We are embarking on the most unique adventure so far in our Selfie Quest for Hotdogs: A Tour of Pennsylvania County Seats. We left Honesdale and Wayne County heading for Milford in Pike County. The County was named for General Zebulon Pike (yes, the same guy who’s name is on that tall peak in Colorado) and was organized in March 26, 1814 out of Wayne County. Pike County is the fastest growing county in Pennsylvania. Milford is known today as the place where the kook who shot State Troopers and hide in the woods was arraigned.
My Jane and Joyce, the owner, naturally struck up a conversation that eventually led to the reason for our visit to Milford. None of the folks in the shop had heard of the hot dog shop we were looking for. One of the gals even called her son who is an avid hot dog eater with no success. Well, this was a first for us and the uniqueness was beginning. Joyce gave us a “Guide to: Historic Milford, PA: Lodging, Quality Shopping, Art and Antiques, entertainment and Fine Dining. After some discussion we all thought maybe hot dogs would not be included in the Fine Dining portion of the brochure.
Leaving the friendly confines of Beary Patch we proceeded to follow the directions we had for the hot dog shop and became lost. We had to accept the fact that the shop we were looking for did not exist in Milford since the streets we were directed to didn’t exist! Yes, this was a unique adventure.
We decided to drive through town on Route 6 and look for a place to eat a hot dog. At the opposite end of town from the quilt shop we found The Apple Valley Restaurant and Village (#2 on the list of Fine & Casual Dining in the “Guide to Historic Milford”). The restaurant anchored a collection of buildings that formed a village of unique shops next door. At the opposite end of the site sits a restored one room school house. We decided to check out the village and try the restaurant.
My Jane asked the hostess, Kim, if they sold hot dogs. Kim shared that the children’s menu had hot dogs on it. Jane proceeded to explain our Quest to which Kim exclaimed, “Is this for real?” We assured her it was and she showed us to our booth.
Patty introduced herself as our server and stated, “I understand you want hot dogs.” The word was getting around! The restaurant is a pleasant establishment focused on a family eating experience. The folks in the booth next to us were celebrating a birthday. We were eating at an off meal time so I could take a quick photo of one of the ‘rooms’ in the restaurant to pass on to you.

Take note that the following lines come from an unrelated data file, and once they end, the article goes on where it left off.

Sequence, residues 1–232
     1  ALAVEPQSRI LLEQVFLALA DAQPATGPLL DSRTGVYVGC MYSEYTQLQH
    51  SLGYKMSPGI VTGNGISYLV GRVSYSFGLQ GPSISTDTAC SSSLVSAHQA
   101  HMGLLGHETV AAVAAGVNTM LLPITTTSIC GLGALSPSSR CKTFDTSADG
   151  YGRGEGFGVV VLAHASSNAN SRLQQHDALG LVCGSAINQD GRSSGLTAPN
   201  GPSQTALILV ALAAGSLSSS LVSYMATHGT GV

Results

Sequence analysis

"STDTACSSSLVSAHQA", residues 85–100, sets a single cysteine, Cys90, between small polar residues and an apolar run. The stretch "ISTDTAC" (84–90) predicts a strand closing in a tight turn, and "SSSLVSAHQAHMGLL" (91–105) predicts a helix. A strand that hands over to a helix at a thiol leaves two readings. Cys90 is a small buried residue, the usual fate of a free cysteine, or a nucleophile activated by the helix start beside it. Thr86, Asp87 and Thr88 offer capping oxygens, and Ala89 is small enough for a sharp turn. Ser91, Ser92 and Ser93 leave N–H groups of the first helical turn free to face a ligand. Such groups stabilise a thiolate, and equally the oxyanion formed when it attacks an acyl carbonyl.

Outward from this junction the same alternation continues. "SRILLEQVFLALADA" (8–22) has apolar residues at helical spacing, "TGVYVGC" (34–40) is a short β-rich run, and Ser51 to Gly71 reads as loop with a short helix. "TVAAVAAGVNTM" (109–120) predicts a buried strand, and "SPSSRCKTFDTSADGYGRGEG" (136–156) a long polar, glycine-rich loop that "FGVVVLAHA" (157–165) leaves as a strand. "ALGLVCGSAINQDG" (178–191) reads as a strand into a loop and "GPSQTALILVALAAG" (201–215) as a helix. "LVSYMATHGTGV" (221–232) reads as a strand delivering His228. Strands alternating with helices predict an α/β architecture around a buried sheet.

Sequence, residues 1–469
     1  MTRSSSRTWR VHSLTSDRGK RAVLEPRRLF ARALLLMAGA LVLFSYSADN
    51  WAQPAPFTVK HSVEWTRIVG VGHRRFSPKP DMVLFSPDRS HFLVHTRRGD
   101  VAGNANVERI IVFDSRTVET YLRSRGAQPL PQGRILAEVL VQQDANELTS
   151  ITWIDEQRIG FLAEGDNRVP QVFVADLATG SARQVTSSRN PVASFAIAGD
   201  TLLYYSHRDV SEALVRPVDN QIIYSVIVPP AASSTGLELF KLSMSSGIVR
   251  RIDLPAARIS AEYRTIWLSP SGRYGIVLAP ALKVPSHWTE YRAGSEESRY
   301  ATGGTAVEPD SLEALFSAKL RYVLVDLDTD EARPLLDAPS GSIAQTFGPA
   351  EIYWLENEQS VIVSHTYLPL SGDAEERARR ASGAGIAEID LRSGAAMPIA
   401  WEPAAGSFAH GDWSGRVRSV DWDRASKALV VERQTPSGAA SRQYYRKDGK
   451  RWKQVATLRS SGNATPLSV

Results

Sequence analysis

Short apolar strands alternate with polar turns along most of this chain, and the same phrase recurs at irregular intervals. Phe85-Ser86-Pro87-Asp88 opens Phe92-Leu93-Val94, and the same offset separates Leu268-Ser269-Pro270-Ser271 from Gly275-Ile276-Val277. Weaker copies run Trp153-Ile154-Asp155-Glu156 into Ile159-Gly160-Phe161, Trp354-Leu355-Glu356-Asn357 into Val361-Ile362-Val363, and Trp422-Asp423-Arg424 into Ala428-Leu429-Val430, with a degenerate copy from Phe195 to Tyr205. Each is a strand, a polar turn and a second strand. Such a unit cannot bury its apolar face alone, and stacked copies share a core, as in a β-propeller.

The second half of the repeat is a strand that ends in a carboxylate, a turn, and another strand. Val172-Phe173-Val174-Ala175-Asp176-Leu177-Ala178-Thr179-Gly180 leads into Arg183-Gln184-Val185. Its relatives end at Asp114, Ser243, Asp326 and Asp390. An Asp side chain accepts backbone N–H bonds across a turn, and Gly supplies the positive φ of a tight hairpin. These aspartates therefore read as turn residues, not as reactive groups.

We ordered the Blooming Onion off the adult menu and hot dogs from the children’s menu (unique?). I added sauerkraut to mine and My Jane added cheese and onion brown mustard to hers (It turns out these were Kim’s favorite ingredients for the hot dogs). We had Mandarin Oranges as our sides.
Patty turned out to be camera shy but very pleasant and interested in our Quest. We had fun sharing our experience with her as we devoured the Blooming Onion. When we weren’t visiting with Patty we were “Completing the maze through Einsteins’ brain, doing the science themed Word Search and unscrambling the Word Scramble, on the childrens’ menu/place mat. I cheated on the Word Scramble!
We had a great time at the Apple Valley Restaurant! Thank you all for the unique adventure on our Quest. You were great.
We returned home on Route 209 to meander through the Delaware Water Gap which began to be formed 450 million years ago. This area of the country was first settled by the Lenni-Lenapes sometimes known as the Delaware Indians. This natural treasure straddles the Delaware River and includes portions of Pennsylvania and New Jersey.
With its water falls, river and mountain scenery and recreation opportunities The Gap has become a favorite tourist attraction. There is still a working ferry at Dingman’s Ferry to assist your travels from New Jersey to Pennsylvania and vise-verse in the National Park. We were fortunate to have enough sun left to enjoy the pleasant drive on our way home. This was a great day.
See you next time